4. Discussion

Cisplatin is a widely used chemotherapy agent against many solid tumors. However, the dose-independent side effects including ototoxicity, neurotoxicity, and hepatotoxicity placed a health and economic burden on patients [6]. Although the exact mechanism of cisplatin toxicity is not fully understood, multiple studies have shown that the failure of cisplatin-induced DNA damage repair ultimately results in cell death. Besides, the formation of cisplatin-induced ROS and oxidative stress also lead to apoptosis [811]. It is reported that antioxidants such as vitamin E, carotenoids, GSH, phytoestrogens, phenols, and polyphenols can prevent the cisplatin-induced mitochondrial production of ROS [1921]. In that case, enzymatic antioxidants like SOD, catalase (CAT), glutathione peroxidase (GPx), and GST would be more efficient.

We constructed a cell-permeable bifunctional antioxidant enzyme GST-TAT-SOD in our previous works. GST-TAT-SOD retains more than 90% of the enzyme activity under physiological conditions [22]. It can enter into cells by the transduction with TAT-PTD in an active form, scavenge excess production of ROS, balance intracellular oxidant-antioxidant status, and protect the cells against irradiation damage [16]. Besides that, GST-TAT-SOD can effectively transduce into tissues such as the spleen and liver without affecting tissular antioxidant indices and protect normal tissues from radiation damage [16, 17].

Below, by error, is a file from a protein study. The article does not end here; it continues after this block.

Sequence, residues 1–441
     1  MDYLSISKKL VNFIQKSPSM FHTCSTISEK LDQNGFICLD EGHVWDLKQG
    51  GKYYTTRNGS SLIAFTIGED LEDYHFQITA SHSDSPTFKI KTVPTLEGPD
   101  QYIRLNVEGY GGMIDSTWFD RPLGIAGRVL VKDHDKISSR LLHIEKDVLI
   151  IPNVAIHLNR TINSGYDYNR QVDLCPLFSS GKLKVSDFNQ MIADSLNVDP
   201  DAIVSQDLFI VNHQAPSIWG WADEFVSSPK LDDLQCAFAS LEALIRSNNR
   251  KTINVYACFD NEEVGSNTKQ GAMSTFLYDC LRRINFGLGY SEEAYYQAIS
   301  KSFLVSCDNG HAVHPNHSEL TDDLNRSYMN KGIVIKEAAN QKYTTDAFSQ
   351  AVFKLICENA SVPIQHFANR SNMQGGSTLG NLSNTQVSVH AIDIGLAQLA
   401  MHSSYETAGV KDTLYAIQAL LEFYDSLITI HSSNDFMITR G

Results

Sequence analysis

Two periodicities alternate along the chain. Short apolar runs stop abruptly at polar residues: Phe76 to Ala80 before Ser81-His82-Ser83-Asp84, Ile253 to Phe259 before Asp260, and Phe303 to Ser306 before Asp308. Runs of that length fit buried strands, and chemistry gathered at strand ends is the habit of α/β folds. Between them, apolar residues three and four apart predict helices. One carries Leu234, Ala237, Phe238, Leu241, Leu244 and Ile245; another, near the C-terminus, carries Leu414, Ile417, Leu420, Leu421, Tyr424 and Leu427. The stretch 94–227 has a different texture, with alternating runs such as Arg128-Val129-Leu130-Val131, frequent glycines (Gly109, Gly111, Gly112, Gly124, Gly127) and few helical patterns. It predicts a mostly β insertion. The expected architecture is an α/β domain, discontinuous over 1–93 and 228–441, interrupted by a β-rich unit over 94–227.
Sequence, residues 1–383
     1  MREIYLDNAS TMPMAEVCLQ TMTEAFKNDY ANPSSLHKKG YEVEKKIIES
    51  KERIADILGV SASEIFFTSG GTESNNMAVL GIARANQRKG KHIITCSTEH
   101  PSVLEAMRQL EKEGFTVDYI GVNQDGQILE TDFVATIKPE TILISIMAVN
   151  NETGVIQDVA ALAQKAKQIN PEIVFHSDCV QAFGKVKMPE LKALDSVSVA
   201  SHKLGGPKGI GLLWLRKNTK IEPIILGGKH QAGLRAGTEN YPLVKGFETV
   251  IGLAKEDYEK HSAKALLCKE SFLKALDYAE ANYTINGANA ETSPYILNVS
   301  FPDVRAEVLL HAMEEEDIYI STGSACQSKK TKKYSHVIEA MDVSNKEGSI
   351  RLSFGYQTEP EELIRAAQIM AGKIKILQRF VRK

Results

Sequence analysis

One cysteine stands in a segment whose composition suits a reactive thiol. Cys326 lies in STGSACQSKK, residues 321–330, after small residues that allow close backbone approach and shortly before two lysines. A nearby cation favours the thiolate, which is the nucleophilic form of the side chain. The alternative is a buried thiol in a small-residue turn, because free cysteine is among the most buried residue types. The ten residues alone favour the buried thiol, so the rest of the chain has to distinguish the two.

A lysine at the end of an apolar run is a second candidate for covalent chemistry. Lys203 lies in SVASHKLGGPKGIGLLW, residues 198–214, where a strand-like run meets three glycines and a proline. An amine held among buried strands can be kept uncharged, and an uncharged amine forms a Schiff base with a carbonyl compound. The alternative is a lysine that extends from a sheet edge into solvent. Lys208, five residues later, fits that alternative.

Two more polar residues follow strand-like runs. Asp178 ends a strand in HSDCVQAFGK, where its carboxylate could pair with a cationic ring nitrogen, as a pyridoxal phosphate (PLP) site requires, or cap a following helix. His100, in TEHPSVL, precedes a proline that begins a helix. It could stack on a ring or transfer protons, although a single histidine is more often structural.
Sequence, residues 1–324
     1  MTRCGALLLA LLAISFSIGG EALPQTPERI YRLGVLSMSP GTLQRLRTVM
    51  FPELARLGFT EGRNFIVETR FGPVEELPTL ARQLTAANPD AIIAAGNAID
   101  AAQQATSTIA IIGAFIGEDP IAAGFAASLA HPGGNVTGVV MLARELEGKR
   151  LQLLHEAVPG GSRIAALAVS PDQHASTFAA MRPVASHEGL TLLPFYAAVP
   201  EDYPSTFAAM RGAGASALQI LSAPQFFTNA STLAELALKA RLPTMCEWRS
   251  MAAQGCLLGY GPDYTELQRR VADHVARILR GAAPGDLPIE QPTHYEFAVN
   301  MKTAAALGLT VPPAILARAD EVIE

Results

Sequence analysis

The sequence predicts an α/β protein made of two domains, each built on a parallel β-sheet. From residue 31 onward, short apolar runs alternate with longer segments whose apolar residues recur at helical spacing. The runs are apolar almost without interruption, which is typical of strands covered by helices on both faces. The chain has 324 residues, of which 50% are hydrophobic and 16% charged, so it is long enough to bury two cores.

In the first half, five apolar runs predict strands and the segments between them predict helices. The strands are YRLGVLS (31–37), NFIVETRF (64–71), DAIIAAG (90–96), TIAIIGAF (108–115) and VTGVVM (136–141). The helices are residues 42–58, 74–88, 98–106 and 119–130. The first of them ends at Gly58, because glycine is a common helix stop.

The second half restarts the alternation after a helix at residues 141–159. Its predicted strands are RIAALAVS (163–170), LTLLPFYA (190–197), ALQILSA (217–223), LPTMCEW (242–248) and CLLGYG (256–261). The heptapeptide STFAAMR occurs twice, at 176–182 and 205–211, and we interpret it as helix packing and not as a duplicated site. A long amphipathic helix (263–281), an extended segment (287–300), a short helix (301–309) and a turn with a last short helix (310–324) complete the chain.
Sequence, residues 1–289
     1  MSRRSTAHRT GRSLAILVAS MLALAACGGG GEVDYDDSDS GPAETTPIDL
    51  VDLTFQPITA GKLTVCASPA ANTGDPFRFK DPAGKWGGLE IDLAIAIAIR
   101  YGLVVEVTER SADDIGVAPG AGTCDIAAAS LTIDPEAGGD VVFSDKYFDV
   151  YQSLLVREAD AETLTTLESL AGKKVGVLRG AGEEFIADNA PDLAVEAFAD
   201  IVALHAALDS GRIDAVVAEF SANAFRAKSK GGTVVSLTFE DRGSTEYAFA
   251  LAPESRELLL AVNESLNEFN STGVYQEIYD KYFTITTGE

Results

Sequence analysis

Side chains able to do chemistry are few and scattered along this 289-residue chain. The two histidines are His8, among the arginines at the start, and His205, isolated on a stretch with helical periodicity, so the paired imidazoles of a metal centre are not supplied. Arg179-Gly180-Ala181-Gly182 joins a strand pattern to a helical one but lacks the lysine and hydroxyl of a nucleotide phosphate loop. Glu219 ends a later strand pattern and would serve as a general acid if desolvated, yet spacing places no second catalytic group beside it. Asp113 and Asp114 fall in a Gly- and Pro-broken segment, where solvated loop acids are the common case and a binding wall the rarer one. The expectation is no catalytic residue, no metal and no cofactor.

Since ROS is one of the causes of cisplatin damage, we wondered whether GST-TAT-SOD could provide a protective effect against cisplatin damage too. In this study, DCFH-DA was used to evaluate intracellular ROS level. Although DCFH-DA was found to be unsuitable for direct detection of specific ROS [23], it can be used as a reference for a global amount of ROS combined with other relevant indicators such as MDA level. MDA level is an indicator of lipid peroxidation and commonly known as a marker of oxidative stress and the increment of free radicals [24]. A remarkable increase of DCF fluorescence and MDA level was observed in the cisplatin-injured L-02 cells, indicating the formation of extra ROS as described in other literature [811] (Figures 2(a) and 3). GST-TAT-SOD significantly reduced the elevation of ROS in cisplatin-injured L-02 cells (Figures 2(a) and 3). The SOD activity and GST activity of GST-TAT-SOD pretreated cells both were remarkably increased compared with the cells of the CDDP group. Except for the enhancement of two enzymatic antioxidants, the T-AOC of GST-TAT-SOD pretreated cells was also remarkably elevated. As an important integrative index, T-AOC reflects the total antioxidant capacity in the cells including both enzymatic and nonenzymatic antioxidants. It indicated that bifunctional GST-TAT-SOD could provide comprehensive protection of the endogenous antioxidant system. Therefore, subsequent repression of the growth inhibition and apoptosis in GST-TAT-SOD pretreated cells was not in doubt as the excessive production of intracellular ROS and oxidative stress could lead to apoptosis [811] (Figures 1 and 4). GST-SOD, by contrast, gave a much weaker protection effect on all indicators as it could not enter into cells without cell-permeating peptide (Figures 14).